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Major Walter Sigel’s Ju 87R-2 from Stab I./StG 3 – The Kit

This article is part of a series:
  1. Major Walter Sigel’s Ju 87R-2 from Stab I./StG 3 – The Aircraft
  2. Major Walter Sigel’s Ju 87R-2 from Stab I./StG 3 – The Kit
  3. Major Walter Sigel’s Ju 87R-2 from Stab I./StG 3 – The Cockpit

I will use the 1/48 new tool Airfix B-2/R-2 kit for this build. By the way, I was surprised that this kit has no coverage here (at least I couldn’t find any).

I also have some extra goodies I may use.

The kit was released in 2017 and received many good reviews with the only criticism mentioning the sink marks and ejector pin marks in the cockpit area. But the question is, what is a good kit? Is it how well the parts fit, how accurate it is or how easy it is to build. At the end it depends what is important for the builder. For me as a confessed rivet counter, accuracy is what is important for me.

The Airfix offering does look like a Stuka and the shape and measurements stack up nicely in most parts. But how does the detail stack up? I am not a great fan of scale drawings as they are as good as the person who draws them… I therefore compared the kit to pictures from the R-2 on display at the Science Museum in Chicago and from the R-2 restoration to flying condition at the Flying Heritage & Combat Armor Museum in the USA.


Doesn’t look bad at all, but there are some issues.
1. Maintenance hatch missing
2&4. Hole to lift aircraft missing
3. Maintenance hatches identical on both sides, but they are
different o the starboard side
5. Maintenance hatch missing

6. Orientation of maintenance hatch wrong
7. This is also a screw-on panel
8. Maintenance hatch missing
9. This needs some explanation.
Airfix depicts the spot under the fuselage where the ETC 500 is attached to carry the bomb with no cover panel in place. It looks to me that Airfix based there design on the picture below on the wright from the pilot manual.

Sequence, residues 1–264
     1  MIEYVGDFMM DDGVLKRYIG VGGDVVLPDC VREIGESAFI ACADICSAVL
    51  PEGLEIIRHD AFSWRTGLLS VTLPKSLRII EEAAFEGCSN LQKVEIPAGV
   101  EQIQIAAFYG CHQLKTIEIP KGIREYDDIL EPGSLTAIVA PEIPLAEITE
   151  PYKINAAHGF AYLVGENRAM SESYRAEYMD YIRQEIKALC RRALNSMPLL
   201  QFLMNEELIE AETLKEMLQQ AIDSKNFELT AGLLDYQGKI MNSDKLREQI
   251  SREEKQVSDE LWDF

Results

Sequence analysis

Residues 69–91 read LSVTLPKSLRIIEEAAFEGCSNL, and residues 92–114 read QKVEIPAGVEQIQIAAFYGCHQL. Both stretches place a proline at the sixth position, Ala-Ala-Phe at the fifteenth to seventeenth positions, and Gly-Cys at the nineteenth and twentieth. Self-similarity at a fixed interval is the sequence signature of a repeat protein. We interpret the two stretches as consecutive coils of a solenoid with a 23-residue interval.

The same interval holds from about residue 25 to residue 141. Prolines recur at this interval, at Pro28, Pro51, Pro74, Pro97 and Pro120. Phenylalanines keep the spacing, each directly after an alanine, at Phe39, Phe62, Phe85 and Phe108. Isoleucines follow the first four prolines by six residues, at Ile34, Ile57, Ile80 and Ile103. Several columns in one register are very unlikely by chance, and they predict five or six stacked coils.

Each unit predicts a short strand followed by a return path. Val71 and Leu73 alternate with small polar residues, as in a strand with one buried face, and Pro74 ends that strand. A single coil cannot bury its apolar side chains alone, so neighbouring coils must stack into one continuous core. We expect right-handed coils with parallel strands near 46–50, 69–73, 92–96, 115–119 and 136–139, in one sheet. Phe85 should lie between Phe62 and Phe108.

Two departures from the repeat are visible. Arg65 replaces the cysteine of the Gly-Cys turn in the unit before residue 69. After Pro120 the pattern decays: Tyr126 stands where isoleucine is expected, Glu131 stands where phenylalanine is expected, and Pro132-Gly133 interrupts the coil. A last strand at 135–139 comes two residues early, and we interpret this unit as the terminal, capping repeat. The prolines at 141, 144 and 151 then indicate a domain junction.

But this picture states that the “cover panel” has been removed (ohne Verkleidungsblech). The picture on the right shows this panel in place. The Chicago R-2 has the panel in place as well. Most likely the aircraft wasn’t flown without this panel in place, but the Airfix kit doesn’t contain the cover panel.

But maybe the biggest boo boo on the fuselage is the oil cooler air intake.

It lacks curvature and depth – strangely the enclosed oil cooler for use with the Airfix engine assembly is correct…


11. Flap actuator too close to the edge
12. Aileron balance rod indent should be much closure to the wing edge
13. Panel lines too close to the edge
14. Panel substantially too narrow
15. Panel too wide

And here a picture of the pattern wing on which the rebuilt is based on.

16. Walk way just doesn’t look right
17. Maintenance hatch should be larger and at wrong location
18. Maintenance hatch should be larger and at wrong location
19. Panel lines should be equally spaced, resulting in a larger panel towards the wing tip


20. 10 vertical rivet rows on the kit but correct are 9 rows going all the way to the leading edge
21. Starboard underside has a rectangular maintenance, but Airfix has identical hatches on both sides